Using observations from ESA’s Venus Express satellite, scientists have shown for the first time how weather patterns seen in Venus’ thick cloud layers are directly linked to the topography of the surface below. Rather than acting as a barrier to our observations, Venus’ clouds may offer insight into what lies beneath.
Some of the final results sent back by ESA’s Venus Express before it plummeted down through the planet’s atmosphere have revealed it to be rippling with atmospheric waves and, at an average temperature of -157 °C, colder than anywhere on Earth. The aerobraking experiment has improved our knowledge of our planetary neighbour and holds great promise for ESA’s forthcoming ExoMars mission.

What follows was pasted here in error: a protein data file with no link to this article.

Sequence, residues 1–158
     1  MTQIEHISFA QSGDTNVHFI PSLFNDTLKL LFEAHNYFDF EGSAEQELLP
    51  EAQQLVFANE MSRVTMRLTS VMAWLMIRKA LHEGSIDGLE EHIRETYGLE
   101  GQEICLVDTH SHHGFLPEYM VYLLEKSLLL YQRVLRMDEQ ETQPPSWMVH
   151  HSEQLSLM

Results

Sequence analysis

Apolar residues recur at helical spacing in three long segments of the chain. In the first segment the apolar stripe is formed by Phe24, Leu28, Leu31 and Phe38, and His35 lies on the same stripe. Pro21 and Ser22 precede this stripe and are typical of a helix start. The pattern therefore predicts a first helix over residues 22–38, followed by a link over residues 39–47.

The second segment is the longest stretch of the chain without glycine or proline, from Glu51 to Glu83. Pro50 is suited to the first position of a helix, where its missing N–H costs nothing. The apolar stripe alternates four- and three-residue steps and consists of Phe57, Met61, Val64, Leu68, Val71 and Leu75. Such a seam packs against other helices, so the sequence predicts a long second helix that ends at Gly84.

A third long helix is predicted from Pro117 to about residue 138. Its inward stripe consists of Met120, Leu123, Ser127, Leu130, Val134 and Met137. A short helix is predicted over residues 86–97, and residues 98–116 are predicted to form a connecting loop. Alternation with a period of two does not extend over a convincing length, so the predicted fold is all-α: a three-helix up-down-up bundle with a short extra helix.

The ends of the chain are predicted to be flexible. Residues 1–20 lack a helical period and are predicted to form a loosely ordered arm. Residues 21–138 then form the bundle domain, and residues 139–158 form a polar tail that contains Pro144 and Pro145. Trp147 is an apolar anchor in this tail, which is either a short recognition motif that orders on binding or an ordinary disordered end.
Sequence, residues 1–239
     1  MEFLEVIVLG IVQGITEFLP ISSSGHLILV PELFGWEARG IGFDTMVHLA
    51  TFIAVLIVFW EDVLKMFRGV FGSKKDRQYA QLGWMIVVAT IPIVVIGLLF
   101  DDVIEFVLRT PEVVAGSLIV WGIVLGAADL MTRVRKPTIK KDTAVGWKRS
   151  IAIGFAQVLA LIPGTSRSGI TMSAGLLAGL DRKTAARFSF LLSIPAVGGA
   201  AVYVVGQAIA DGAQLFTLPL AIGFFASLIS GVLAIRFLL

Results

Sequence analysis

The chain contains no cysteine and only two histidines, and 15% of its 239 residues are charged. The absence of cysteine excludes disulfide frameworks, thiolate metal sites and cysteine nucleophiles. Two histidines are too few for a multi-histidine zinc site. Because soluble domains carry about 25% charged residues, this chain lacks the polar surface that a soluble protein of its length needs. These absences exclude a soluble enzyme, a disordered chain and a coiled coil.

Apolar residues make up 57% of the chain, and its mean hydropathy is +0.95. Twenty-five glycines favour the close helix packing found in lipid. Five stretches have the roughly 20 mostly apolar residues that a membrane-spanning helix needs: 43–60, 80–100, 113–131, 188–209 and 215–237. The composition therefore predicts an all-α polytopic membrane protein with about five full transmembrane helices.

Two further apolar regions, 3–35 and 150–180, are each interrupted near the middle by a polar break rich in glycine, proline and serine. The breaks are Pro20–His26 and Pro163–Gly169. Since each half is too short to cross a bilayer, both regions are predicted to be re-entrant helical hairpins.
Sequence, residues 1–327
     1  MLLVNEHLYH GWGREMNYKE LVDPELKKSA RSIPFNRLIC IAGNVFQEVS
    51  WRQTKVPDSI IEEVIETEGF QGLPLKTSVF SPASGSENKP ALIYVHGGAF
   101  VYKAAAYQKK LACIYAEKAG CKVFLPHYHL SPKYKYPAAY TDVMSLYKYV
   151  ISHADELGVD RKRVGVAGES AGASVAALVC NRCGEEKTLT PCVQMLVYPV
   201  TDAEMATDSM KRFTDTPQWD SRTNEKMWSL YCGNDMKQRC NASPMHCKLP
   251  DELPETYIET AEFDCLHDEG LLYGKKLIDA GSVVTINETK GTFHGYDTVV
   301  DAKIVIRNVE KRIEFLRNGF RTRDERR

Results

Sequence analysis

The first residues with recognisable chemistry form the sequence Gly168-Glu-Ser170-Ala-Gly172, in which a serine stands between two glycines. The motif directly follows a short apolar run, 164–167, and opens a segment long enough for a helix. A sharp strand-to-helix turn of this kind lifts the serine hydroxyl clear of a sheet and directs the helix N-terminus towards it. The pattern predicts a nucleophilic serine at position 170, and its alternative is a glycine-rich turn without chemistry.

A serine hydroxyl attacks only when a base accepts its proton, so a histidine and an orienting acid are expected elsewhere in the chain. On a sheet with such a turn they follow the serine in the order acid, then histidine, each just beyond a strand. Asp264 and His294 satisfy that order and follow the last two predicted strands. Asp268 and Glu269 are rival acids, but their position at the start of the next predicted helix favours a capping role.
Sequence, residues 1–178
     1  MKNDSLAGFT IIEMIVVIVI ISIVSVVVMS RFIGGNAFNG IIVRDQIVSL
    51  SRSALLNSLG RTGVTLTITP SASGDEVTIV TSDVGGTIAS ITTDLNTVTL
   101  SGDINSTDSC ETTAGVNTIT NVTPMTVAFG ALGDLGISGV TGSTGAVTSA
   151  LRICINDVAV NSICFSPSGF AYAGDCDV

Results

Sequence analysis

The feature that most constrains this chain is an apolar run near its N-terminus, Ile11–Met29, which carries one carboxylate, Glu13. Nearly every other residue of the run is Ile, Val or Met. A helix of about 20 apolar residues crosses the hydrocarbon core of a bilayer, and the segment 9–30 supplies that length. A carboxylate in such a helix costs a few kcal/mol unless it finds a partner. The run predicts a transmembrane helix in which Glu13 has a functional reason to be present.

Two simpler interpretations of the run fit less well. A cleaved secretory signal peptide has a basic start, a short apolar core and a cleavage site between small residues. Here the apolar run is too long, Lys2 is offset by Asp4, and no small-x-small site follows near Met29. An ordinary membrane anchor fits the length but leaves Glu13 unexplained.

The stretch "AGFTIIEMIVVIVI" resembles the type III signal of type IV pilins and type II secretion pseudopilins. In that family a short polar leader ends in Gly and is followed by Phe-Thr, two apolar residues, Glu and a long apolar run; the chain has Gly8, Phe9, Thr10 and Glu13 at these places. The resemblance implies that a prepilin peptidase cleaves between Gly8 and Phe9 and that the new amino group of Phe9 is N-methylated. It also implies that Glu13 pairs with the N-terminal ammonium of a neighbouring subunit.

The European Space Agency’s Venus Express spacecraft has found the best evidence yet for active volcanism on Earth’s neighbour planet. Seeing the planet’s surface is extremely difficult due to its thick atmosphere, but radar observations by previous missions to Venus have revealed it as a world covered in volcanoes and ancient lava flows.